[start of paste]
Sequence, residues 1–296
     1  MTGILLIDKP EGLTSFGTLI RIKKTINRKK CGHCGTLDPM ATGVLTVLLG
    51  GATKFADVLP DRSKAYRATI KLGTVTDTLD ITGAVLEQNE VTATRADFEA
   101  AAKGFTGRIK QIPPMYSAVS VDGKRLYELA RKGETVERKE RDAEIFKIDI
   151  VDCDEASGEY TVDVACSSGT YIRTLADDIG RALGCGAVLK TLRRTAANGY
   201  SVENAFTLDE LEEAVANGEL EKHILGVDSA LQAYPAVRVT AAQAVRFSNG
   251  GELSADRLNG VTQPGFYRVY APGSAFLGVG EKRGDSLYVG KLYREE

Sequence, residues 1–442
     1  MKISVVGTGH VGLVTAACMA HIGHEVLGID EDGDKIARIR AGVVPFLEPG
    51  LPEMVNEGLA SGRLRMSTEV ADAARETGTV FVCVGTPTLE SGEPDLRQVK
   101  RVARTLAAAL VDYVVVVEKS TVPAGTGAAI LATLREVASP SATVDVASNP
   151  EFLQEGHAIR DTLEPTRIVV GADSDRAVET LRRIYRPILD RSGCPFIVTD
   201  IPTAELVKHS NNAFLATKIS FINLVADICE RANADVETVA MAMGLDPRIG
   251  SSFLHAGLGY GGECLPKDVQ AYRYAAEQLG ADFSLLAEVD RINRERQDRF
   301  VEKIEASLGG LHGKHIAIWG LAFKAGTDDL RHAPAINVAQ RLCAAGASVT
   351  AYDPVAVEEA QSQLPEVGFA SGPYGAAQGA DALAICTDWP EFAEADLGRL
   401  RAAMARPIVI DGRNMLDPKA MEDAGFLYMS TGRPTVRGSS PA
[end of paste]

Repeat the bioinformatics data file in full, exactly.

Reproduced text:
Sequence, residues 1–296
     1  MTGILLIDKP EGLTSFGTLI RIKKTINRKK CGHCGTLDPM ATGVLTVLLG
    51  GATKFADVLP DRSKAYRATI KLGTVTDTLD ITGAVLEQNE VTATRADFEA
   101  AAKGFTGRIK QIPPMYSAVS VDGKRLYELA RKGETVERKE RDAEIFKIDI
   151  VDCDEASGEY TVDVACSSGT YIRTLADDIG RALGCGAVLK TLRRTAANGY
   201  SVENAFTLDE LEEAVANGEL EKHILGVDSA LQAYPAVRVT AAQAVRFSNG
   251  GELSADRLNG VTQPGFYRVY APGSAFLGVG EKRGDSLYVG KLYREE

Sequence, residues 1–442
     1  MKISVVGTGH VGLVTAACMA HIGHEVLGID EDGDKIARIR AGVVPFLEPG
    51  LPEMVNEGLA SGRLRMSTEV ADAARETGTV FVCVGTPTLE SGEPDLRQVK
   101  RVARTLAAAL VDYVVVVEKS TVPAGTGAAI LATLREVASP SATVDVASNP
   151  EFLQEGHAIR DTLEPTRIVV GADSDRAVET LRRIYRPILD RSGCPFIVTD
   201  IPTAELVKHS NNAFLATKIS FINLVADICE RANADVETVA MAMGLDPRIG
   251  SSFLHAGLGY GGECLPKDVQ AYRYAAEQLG ADFSLLAEVD RINRERQDRF
   301  VEKIEASLGG LHGKHIAIWG LAFKAGTDDL RHAPAINVAQ RLCAAGASVT
   351  AYDPVAVEEA QSQLPEVGFA SGPYGAAQGA DALAICTDWP EFAEADLGRL
   401  RAAMARPIVI DGRNMLDPKA MEDAGFLYMS TGRPTVRGSS PA